Pulse-height discrimination is a common technique to filter out unwanted background signals from the analytical signals. But how exactly does it work?
The analytical signals are not continuously detected, but detected rather in pulses. This is because the detector has a "dead time", and there is a pile-up of ion-pairs (or whatever the principle of detection is) in this dead-time. The intensity of the built up signal - the pulse - is then detected.
Pulse-height discrimination is just that; a discrimination of the detected pulse-heights. However, to be able to discriminate the pulse-heights, surely the system must know what a "desirable" pulse-height is, or, in other words, when a detected pulse deviates from the desirable? How exactly is this done?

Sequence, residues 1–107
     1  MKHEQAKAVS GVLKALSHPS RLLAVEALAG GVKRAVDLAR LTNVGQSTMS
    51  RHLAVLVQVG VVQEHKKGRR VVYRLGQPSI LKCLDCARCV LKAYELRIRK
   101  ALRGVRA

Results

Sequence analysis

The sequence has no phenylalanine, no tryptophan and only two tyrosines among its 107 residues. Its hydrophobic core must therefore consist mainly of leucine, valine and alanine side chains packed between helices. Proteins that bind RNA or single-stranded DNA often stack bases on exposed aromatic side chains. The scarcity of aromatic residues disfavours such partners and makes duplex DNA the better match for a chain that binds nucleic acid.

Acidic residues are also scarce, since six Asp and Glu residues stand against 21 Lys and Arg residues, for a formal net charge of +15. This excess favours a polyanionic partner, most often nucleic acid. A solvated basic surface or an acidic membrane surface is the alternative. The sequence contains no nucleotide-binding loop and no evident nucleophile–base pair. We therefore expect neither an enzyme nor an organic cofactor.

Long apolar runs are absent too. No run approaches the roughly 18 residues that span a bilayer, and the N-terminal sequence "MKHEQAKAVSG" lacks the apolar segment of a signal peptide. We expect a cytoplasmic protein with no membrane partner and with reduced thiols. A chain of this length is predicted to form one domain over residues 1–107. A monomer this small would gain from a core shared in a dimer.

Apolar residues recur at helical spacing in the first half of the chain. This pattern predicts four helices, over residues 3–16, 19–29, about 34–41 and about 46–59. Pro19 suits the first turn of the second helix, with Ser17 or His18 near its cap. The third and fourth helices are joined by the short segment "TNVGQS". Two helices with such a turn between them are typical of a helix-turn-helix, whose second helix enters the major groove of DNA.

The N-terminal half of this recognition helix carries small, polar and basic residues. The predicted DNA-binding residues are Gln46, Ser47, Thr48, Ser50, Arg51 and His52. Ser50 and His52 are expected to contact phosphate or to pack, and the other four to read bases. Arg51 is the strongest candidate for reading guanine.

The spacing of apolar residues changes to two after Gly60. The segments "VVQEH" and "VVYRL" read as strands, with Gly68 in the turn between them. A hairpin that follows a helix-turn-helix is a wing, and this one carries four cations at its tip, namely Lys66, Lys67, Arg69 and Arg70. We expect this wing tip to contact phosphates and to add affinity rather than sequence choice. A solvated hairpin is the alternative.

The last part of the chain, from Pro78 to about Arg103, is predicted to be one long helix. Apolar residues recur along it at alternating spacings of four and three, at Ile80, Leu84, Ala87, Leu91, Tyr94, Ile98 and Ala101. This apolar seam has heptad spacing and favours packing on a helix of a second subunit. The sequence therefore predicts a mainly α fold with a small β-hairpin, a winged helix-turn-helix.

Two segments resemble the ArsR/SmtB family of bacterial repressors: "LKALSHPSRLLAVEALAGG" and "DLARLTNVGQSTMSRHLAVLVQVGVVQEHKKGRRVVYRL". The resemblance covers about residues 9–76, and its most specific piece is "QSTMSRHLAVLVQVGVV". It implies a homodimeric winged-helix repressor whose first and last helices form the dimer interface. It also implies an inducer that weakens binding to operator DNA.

In the context of X-ray diffraction, we know the desirable energy of the detected radiation: in theory, this energy should be equal to the K$\alpha_1$ of the X-ray tube's anode material (since diffraction is an elastic interaction, and hence no energy lose occurs). However, the intensity of the signal has nothing to do with the energy. How do we (that is, the ones developing the analytical system) know which pulse-heights are relevant and which are irrelevant to our analysis?
I hope have presented my question clearly, and I appreciate all help. Finding free references online was not very easy, in my experience.